CdA Dye Day

CdA Dye Day

There are numerous butchers in town, so tallow is easy to come by. Rendering tallow is a messy stinky job and that´s being able to work outside. Our first purchase of 2.5 kilos contained a lot of chunks of impurities so we had to repeat the process in the afternoon to have enough for the soap recipe. Our first lesson learned was that the 2nd batch of tallow wasn’t as malodorous as the first, so attention to the tallow odor is needed when purchasing. Grease was everywhere and the water was shut off all day. Water is usually rationed during the dry season, but it had been flowing regularly since October, so we were caught unprepared. We made do with the 2 buckets of water always stored in the kitchen.

Preparing Sumaqhaya for the Dye Pot

Preparing Sumaqhaya for the Dye Pot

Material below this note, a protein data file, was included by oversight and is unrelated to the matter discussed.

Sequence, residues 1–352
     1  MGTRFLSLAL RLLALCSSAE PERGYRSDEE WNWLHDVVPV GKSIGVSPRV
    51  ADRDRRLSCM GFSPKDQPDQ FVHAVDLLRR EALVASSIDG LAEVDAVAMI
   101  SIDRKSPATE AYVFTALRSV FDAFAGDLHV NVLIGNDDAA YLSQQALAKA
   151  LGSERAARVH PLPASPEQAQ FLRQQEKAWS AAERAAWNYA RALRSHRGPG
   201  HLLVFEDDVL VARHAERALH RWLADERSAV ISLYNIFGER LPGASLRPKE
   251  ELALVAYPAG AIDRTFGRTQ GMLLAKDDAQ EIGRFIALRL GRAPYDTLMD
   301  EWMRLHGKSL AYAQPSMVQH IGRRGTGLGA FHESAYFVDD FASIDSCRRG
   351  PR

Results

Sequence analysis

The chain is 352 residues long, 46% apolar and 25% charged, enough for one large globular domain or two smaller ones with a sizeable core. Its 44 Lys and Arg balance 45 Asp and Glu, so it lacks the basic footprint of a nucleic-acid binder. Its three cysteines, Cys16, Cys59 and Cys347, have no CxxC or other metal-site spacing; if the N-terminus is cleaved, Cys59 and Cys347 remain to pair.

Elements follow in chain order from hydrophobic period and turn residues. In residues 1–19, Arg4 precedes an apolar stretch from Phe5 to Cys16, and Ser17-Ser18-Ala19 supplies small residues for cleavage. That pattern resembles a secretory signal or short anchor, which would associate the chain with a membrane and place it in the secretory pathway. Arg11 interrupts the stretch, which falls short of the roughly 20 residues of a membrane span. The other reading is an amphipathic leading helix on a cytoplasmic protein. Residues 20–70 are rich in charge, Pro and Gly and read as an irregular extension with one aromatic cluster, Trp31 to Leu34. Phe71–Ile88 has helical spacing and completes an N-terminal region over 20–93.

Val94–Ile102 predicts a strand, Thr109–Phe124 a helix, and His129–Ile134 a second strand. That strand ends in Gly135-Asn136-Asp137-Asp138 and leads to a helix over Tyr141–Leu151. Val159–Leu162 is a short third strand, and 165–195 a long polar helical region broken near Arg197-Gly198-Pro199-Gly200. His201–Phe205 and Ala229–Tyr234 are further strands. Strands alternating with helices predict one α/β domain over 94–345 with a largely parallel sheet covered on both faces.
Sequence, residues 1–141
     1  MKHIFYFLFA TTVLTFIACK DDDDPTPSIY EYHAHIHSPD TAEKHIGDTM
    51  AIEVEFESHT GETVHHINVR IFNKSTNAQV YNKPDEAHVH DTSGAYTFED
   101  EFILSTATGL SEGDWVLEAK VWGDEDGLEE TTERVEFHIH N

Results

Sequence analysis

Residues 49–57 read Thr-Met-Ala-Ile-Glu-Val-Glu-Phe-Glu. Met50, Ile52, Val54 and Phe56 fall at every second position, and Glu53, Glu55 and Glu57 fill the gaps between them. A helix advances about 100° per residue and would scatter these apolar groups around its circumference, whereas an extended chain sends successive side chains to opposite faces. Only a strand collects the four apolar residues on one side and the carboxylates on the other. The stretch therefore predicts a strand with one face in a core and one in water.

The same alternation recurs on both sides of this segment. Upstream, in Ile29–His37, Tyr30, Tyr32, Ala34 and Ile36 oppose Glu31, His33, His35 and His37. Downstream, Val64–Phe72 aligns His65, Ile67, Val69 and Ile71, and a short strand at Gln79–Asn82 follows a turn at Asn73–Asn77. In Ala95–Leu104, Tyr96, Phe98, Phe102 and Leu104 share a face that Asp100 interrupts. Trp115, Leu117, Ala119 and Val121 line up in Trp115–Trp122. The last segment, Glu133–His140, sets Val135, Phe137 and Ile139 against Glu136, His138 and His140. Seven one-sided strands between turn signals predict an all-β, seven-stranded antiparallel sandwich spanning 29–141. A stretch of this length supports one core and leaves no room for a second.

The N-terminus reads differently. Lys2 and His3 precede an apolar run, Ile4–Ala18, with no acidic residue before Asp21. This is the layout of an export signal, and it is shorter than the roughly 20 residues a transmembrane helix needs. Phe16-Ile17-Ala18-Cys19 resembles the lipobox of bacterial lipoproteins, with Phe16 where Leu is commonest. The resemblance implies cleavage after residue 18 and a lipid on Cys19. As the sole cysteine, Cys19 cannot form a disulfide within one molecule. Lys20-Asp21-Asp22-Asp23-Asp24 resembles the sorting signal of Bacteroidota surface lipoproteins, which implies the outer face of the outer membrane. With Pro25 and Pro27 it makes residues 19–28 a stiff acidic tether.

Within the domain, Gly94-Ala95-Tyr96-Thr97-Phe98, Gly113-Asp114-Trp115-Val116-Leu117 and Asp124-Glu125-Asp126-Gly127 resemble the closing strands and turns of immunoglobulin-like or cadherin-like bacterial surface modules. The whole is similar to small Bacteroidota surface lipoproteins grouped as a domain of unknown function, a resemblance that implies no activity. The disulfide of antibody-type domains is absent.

By Thursday´s soap making workshop I´d read the instructions at least 5 times and had translated the recipe and a preparation list to Spanish. The plan was to have the women observe from a table set back from the work area and the 4 tykes in a play area behind them. It began to hail, so they fled inside. The work space has a roof so while Doña Máxima measured and melted the tallow I mixed the lye and water. It was anti-climactic, I could feel the increasing temperature of the lye and water through the rubber gloves, but there wasn’t a dramatic visible chemical reaction. Upon completion of the recipe we wrapped the container of warm soap in 2 towels and left the bundle on a sheep´s fleece to cool slowly for 3 days. When we unveiled it we were relieved to observe no lye bubbles or separations and could continue to the fun part which is to make fine soaps with fragrance and additives.